Austin, home of the Lorax, brings in largest Dr. Seuss art exhibit

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Shea Carley

Thomas Burgess observes the original works of Dr. Seuss Tuesday afternoon at Art on 5th, the largest contemporary gallery in Austin. Currently, the gallery is hosting the biggest Dr. Seuss exhibition in the country and is featuring drawings of The Lorax, which were brought to Austin after Dr. Seuss donated them to Lyndon B. Johnson.

Alexa Ura

Austin has been the home of Dr. Seuss’ “The Lorax” since the 1970s, and two local exhibits are celebrating the historical connection this month.

ART on 5th is hosting the largest Dr. Seuss gallery exhibition in the country and features a collection of Dr. Seuss’ “The Lorax” drawings that launched March 2. The exhibition is a retrospective look at the life and art of Theodor Geisel, otherwise known as Dr. Seuss, said Joe Sigel, owner of ART on 5th.

“Our permanent gallery goes through all the aspects of Geisel’s career,” he said. “This month we are highlighting ‘The Lorax’ which is one of the major parts of his art and his books.”

ART on 5th is the largest contemporary art gallery in Austin. It is the home to multiple collections of “The Secret Art of Dr. Seuss” that have been permanently on display at the gallery for 15 years.

The 40,000 square foot exhibition also includes 40 historical panels about Dr. Seuss and his career in children’s literature and art.

The original drawings of “The Lorax” were donated to the Lyndon B. Johnson Library & Museum after Liz Carpenter, press secretary of President Lyndon B. Johnson, met Geisel at a benefit dinner in 1970.

Carpenter suggested that President Johnson should ask Geisel for the artwork of the environmentally friendly book that matched Lady Bird Johnson’s efforts to beautify America in the ’60s.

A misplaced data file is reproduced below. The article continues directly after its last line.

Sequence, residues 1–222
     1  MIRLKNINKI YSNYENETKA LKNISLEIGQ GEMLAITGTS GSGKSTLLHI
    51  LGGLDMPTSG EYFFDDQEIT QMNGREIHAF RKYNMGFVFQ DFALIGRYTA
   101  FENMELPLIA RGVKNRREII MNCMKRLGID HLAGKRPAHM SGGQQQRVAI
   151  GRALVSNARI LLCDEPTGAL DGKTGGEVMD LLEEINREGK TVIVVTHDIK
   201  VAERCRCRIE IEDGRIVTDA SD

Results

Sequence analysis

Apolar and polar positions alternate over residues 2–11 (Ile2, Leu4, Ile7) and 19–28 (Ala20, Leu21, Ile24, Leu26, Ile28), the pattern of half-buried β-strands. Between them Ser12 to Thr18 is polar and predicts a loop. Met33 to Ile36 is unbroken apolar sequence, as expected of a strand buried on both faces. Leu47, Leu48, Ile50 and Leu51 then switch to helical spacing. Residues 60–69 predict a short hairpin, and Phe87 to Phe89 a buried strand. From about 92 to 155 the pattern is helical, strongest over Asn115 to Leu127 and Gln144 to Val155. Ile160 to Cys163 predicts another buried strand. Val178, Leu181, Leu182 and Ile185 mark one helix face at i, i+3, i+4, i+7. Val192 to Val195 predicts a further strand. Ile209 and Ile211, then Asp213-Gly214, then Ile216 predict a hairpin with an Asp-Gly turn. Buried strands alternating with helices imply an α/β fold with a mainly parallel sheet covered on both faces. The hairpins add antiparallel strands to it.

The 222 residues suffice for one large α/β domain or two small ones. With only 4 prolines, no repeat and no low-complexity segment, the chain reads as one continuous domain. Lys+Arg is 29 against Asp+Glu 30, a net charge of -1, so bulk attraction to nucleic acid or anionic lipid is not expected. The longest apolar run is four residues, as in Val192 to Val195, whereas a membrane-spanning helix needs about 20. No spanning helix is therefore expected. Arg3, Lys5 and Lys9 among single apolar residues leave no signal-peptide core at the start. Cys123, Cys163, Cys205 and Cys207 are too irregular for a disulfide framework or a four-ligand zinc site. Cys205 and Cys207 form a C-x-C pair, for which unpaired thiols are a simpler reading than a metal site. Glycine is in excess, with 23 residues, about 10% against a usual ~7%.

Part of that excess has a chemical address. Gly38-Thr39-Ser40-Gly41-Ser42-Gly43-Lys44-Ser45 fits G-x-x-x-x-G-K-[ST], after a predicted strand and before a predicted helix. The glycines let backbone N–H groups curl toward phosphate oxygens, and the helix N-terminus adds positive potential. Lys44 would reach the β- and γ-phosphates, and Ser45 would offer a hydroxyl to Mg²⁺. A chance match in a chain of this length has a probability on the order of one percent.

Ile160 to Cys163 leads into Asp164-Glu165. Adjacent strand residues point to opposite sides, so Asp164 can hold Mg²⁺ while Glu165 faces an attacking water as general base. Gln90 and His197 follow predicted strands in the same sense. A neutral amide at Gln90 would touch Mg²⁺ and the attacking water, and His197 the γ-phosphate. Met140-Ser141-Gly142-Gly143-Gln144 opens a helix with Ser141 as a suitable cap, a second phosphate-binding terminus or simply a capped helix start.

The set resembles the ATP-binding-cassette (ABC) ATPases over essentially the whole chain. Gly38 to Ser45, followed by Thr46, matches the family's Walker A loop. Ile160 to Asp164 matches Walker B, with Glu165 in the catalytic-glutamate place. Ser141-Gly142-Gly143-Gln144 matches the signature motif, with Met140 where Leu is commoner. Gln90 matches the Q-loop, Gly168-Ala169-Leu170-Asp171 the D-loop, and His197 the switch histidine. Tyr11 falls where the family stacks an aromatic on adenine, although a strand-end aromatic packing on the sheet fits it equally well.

When Geisel was handed a phone with LBJ on the other line, the former president simply thanked Geisel for his donation to his presidential library.

“That’s the way LBJ did politics,” Sigel said. “And that’s why ‘The Lorax’ lives in Austin.”

The LBJ Library & Museum is also displaying Dr. Seuss’ work this month. The museum has 10 of the 80 original “The Lorax” drawings on exhibit.

“President Johnson and Lady Bird were very dedicated to preserving the environment, conservation of energy and protecting the wild lands of America,” said Anne Wheeler, spokesperson for the library and museum. “The message in the book ‘The Lorax’ is to urge everyone that one person and one seed can help improve the environment.”

Both art exhibits were timed to coincide with the March 2 release of the film adaptation of “The Lorax.”

William Dreyer, curator of “The Art of Dr. Seuss” collection, said the collection at ART on 5th is a series of reproductions of Geisel’s originals that were created after his wife Audrey Geisel decided to replicate his work for private collections and public exhibitions.

“This is a way for people to become aware of Geisel’s artistic legacy,” he said. “Austin is the home ‘The Lorax,’ and it’s important to tell the story locally.”

Dreyer said Geisel’s message was intended to fight pollution and greed by promoting personal and corporate responsibility in maintaining the environment.

“He was one of the forerunners in pushing the concept and idea of personal responsibility in terms of natural resources,” he said. “The book has been teaching this message to children since the early 1980s and now it is being delivered through a movie.”